There’s nothing more frustrating than heading to the gym all pumped for your workout, only to get there and discover it’s jammed to the rafters. Whether it’s because fellow lifters are using the dumbbells you want or they’ve been left in the furthest corners of the cardio section, you can’t always guarantee you’ll find the pair you need. But a busy gym needn’t be the end of the road in your journey towards a leaner, stronger and more impressive physique.
The solution? A one-dumbbell routine that hits every muscle in your all-important core, allowing you to blitz your obliques, abs and back with a handful of carefully-selected moves. And if worse comes to worst and all the dumbbells are in use, you can do this workout with a weight plate or kettlebell.
How to do the workout
Do the following five moves in order, performing 15 reps of a lift then moving on to the next one without rest. After the final move, rest for 60 seconds, then repeat. Do six circuits in total. Make the circuit easier with a lighter dumbbell, or harder with a heavier one.
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Hold a dumbbell in both hands. Bend from the hips to lower the weight between your legs, then push your hips forward to raise it up to shoulder height. Reverse back down to the start.
Why? This is a take on the classic kettlebell swing that offers all the same benefits. The hip hinge that forms the basis of this move is one of the core foundational bodyweight movements that you should work on mastering before beginning any weight training programme.
Stand tall, holding the dumbbell in one hand. Keeping your chest up, lower the weight – this will hit your obliques. Complete all the reps, then switch hands and repeat.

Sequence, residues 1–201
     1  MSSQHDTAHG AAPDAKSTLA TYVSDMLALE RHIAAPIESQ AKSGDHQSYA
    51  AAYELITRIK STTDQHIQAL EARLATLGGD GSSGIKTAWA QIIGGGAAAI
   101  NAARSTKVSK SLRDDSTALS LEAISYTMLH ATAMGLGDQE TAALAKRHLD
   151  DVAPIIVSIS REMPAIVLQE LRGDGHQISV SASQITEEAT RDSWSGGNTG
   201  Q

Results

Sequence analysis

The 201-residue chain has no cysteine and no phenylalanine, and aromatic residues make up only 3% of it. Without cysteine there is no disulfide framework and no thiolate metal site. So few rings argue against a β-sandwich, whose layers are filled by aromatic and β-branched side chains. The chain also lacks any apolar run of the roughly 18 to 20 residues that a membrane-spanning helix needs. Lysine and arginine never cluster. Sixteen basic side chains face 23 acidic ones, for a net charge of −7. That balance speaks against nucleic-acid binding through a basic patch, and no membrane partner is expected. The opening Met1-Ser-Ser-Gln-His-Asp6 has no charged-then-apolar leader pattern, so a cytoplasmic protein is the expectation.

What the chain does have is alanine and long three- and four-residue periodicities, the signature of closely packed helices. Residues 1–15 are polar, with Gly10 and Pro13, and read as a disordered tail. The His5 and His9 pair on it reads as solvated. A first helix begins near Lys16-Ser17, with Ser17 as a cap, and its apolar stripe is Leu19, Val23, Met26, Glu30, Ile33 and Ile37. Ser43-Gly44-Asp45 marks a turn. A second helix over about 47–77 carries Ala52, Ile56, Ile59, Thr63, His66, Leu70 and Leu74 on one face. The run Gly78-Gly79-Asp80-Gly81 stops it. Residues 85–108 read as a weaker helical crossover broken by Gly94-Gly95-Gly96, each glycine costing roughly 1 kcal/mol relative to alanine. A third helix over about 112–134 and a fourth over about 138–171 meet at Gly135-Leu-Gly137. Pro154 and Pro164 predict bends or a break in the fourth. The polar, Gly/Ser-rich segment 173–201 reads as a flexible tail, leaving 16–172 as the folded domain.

Why? Most abs routines veer too far down the crunch route, leading to an imbalance whereby the obliques are not developed enough. This exercise is one of the best for targeting the latter. Strong obliques provide a foundation of rotational strength, vital for those who play contact sports or are in physical/manual occupations.
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Squat, holding the weight in both hands to one side. Raise it across your body to head height, then back down. Do all the reps, then switch sides.
Why? Another excellent oblique-targeting move, this also improves your body’s co-ordination and core strength because you need to resist rotating the torso.
Lie flat on the floor with your knees bent, holding the dumbbell to your chest with both hands. Use your upper abs to raise your torso, then lower slowly to the start.
Why? The crunch is the true test of fundamental core strength and provides great stimulation to the abdominals. The only way to increase its difficulty is to add weight, and the dumbbell crunch does this perfectly. Pick a weight you can perform eight to ten reps with, and initiate through the abs muscles themselves, not the hip flexors.
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Start at the top of the crunch but with your feet off the ground. Rotate back and forth, keeping your abs braced. A twist to one side then the other counts as one rep.
Why? The elevated position of the feet in this exercise places enormous strain on both the upper and lower abs, which are typically a tricky area to stimulate. The twisting movement involves the obliques also which you will find invaluable when stabilising the body on heavy, compound lifts.